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Relational operators are similar to those used in algebra. The relational operators are:
= equals X=Y X is equal to Y < less than X<Y X is less than Y > greater than X>Y X is greater than Y <= less than or equal to X<=Y X is less than or equal to Y >= greater than or equal to X>=Y X is greater than or equal to Y <> not equal to X<>Y X is not equal to Y |
X and Y can be any unconditional or conditional expression.
When relational operations are performed on strings, Sheerpower determines which string occurs first in the ASCII collating sequence and returns TRUE or FALSE. For instance, when you perform relational operations on two strings, Sheerpower checks the ASCII values for each character in each string. Sheerpower compares the strings character by character using these ASCII values, and determines where there is a difference in the values.
When Sheerpower finds a character that differs, it compares the two and determines which one has a smaller ASCII code number. Sheerpower then returns a TRUE or FALSE value depending on the relational expression. For example:
Example 4-12 Performing Relational Operations on Strings |
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a$ = 'TEXT' b$ = 'TEST' MESSAGE$ = 'Strings are equal' if a$ < b$ then message$ = a$ + ' is less than ' + b$ if b$ < a$ then message$ = b$ + ' is less than ' + a$ print message$ end TEST is less than TEXT |
Sheerpower compares the two strings. They are identical up to the third character. The ASCII value of S is 53. The ASCII value of X is 58. Therefore Sheerpower prints "TEST is less than TEXT".
The logical operators are:
NOT NOT X TRUE if X is false and FALSE if X is true. AND X AND Y TRUE if X and Y are true. OR X OR Y TRUE if X or Y is true. XOR X XOR Y TRUE if X is true, or if Y is true but FALSE if both X and Y are true. EQV X EQV Y TRUE if X and Y are true, or TRUE if X and Y are false, but FALSE otherwise. IMP X IMP Y TRUE if X is true and Y is false. |
X and Y can be any expressions. Logical operators are usually used on integers or expressions which yield an integer result such as conditional expressions. Logical operators will always yield an integer result. If a logical operator is used on a real number, the real number is rounded and the resulting integer is used.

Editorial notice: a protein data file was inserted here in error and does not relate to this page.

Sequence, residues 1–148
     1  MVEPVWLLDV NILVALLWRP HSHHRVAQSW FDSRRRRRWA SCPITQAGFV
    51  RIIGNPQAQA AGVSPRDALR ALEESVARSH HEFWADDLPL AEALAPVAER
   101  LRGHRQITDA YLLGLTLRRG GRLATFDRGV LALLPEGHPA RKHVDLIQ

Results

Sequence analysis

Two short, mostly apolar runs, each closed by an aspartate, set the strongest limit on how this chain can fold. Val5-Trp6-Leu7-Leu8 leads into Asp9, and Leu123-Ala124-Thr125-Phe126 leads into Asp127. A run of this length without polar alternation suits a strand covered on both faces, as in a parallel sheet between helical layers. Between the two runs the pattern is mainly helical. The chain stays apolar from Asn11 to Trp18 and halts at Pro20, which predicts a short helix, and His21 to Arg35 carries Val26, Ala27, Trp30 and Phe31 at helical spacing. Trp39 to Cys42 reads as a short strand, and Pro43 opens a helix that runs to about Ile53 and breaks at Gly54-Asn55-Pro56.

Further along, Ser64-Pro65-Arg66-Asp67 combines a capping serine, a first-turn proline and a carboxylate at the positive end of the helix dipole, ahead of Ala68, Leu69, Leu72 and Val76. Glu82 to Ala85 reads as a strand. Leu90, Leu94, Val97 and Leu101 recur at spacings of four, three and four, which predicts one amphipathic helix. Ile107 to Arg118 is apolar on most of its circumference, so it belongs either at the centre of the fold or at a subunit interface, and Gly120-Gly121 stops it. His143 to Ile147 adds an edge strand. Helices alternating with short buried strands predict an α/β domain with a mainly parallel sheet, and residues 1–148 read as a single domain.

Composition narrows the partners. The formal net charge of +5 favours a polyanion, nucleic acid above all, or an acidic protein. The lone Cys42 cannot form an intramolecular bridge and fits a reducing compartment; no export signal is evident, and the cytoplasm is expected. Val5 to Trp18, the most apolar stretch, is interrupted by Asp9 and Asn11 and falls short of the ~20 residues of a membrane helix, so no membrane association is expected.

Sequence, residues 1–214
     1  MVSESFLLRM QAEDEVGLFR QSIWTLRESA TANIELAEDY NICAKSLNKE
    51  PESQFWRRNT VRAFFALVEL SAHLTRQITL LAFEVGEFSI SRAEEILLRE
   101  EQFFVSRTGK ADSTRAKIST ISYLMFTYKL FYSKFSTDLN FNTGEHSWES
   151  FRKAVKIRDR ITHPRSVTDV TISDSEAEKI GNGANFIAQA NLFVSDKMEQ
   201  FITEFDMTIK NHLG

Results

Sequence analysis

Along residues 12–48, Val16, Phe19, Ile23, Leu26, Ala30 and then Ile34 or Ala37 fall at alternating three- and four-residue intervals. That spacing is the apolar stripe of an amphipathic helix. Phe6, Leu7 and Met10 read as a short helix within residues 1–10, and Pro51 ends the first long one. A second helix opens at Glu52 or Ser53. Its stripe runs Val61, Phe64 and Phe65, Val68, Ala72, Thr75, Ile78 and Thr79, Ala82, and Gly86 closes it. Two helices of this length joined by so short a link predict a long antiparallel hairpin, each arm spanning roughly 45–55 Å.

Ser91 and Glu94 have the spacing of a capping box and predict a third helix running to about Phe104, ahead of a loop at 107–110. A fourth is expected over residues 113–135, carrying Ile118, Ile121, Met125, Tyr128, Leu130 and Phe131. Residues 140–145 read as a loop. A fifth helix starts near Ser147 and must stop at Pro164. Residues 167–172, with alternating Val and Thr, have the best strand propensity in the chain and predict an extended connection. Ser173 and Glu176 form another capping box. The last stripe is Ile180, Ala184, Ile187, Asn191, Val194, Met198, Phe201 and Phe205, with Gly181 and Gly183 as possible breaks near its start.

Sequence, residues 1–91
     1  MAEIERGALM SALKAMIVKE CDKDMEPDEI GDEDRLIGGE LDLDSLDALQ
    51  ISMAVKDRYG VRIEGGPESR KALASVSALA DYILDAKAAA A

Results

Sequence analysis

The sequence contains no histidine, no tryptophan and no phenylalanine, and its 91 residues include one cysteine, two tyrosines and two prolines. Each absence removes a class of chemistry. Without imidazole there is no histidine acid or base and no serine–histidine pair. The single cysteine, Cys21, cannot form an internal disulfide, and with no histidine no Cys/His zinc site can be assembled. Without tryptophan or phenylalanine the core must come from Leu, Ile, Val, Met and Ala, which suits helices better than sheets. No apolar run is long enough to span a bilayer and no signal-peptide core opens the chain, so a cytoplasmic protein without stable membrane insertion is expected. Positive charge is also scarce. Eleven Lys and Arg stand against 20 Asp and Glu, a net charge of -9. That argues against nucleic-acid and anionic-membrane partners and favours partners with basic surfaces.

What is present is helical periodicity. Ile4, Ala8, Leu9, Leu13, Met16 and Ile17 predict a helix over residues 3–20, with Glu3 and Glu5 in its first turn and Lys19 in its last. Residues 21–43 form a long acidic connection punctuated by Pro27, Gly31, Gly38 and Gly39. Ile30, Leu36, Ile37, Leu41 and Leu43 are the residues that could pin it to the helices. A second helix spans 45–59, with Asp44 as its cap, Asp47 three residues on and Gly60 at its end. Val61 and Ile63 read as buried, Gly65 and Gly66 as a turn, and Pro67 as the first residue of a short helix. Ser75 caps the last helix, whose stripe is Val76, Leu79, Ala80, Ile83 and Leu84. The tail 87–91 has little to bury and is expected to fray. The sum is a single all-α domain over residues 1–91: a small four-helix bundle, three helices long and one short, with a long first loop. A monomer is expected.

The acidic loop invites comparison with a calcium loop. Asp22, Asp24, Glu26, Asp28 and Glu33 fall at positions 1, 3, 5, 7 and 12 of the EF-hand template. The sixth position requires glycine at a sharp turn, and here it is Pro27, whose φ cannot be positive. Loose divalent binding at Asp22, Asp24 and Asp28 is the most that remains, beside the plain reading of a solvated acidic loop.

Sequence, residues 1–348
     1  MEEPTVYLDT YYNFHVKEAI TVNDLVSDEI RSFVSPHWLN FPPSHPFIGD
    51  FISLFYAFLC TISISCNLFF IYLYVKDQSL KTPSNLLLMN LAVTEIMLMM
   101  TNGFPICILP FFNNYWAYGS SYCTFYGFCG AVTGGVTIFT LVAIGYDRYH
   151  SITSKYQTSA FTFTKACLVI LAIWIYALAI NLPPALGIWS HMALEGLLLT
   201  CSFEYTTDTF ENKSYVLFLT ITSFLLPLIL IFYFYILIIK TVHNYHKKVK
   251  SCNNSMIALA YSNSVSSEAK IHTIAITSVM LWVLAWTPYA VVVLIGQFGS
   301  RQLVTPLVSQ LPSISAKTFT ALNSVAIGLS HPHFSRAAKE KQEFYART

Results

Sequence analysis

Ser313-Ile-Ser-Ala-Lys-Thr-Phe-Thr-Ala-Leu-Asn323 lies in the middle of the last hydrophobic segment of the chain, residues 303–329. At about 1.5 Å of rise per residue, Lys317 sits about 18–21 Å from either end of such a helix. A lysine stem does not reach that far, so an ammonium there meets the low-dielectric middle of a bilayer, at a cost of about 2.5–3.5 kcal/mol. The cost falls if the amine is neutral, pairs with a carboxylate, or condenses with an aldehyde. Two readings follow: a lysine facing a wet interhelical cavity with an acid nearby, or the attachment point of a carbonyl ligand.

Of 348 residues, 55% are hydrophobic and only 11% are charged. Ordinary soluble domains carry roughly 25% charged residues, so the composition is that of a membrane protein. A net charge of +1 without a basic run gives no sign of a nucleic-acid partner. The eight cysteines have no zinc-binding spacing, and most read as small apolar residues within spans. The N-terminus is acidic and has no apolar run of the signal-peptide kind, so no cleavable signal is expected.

Logical expressions always return an integer value. If the integer value is a 1, the expression is TRUE. If the integer value is a 0, the expression is FALSE. (NOT 0 is equal to -1 and is TRUE. NOT 1 is equal to -2 and is FALSE.)
VALUE TRUE FALSE +--------------------------+ | 0 | | X | |-----------|------|-------| | 1 | X | | |-----------|------|-------| | NOT 0 (-1)| X | | |-----------|------|-------| | NOT 1 (-2)| | X | +--------------------------+ |
Logical operators can be used to do bit manipulation. Computers represent values in a binary code, using ones and zeros. Sheerpower integer values are represented as a 32-bit binary longword. A bit which is set to 1 is considered on. A bit which is set to 0 is off. The value of the word is equal to the value of all the bits which are on, added together. For example:
0 0 0 1 0 1 1 1 = 16 + 4 + 2 + 1 = 23 |
The last bit has a value of 1. The second to the last bit has a value of 2. The third bit has a value of 4, the fourth a value of 8, the fifth bit has a value of 16, and so on. Each bit has a value double that of the previous one:
0 0 0 0 0 0 0 0 --------------------------------------------- 128 64 32 16 8 4 2 1 |
Bits can be manipulated and tested using logical operators. The logical operators work on bits. They compare each position in each word according to the particular rules of the logical operator. For instance, here is the AND operator used on two values:
Example 4-13 Bit Manipulation |
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let a% = 23% // 00010111 let b% = 37% // 00100101 let c% = (a% and b%) print c% end 5 |
When Sheerpower executes this program, it compares the two values. It sets a bit in the result to 1 (on) only if both the bits at a given position are on (1). The value of the resultant word is 5:
A% 0 0 0 1 0 1 1 1 = 23 B% 0 0 1 0 0 1 0 1 = 37 --------------- C% 0 0 0 0 0 1 0 1 = 5 |
When Sheerpower evaluates an expression, it evaluates it in a specific order. Sheerpower evaluates expressions from left to right.
1+Z+4 equals (1+Z)+4 1+Z-4 equals (1+Z)-4 3*4/QUANTITY equals (3*4)/QUANTITY 12/QUANTITY*3 equals (12/QUANTITY)*3 |
The following priorities take precedence over the left to right evaluation rule:
Z%-(X% / (Y% + AMOUNT)) |
NOT
AND
OR
XOR
IMP
EQV
Parentheses are used around every set of operations. This makes it easy to pick out the beginning and end of an operation, and will make absolutely clear what is intended without depending on the order of precedence of operators. If someone reading the code can know with absolute certainty how it was intended to be executed via the use of parentheses, then they will not have to wonder if a particular bug is due to the language used creating the code, other than what was intended. See Appendix A, Coding Principles and Standards for more on Coding Principles and Standards in Sheerpower.
Example 4-14 Use of Parentheses for Clarity in Operations |
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if a > b * c or d + 4 = f then x = x + 1 <--- hard to read! if ((a>(b * c)) or ((d + 4) = f)) then x = x + 1 <--- clarity with parenthesis |
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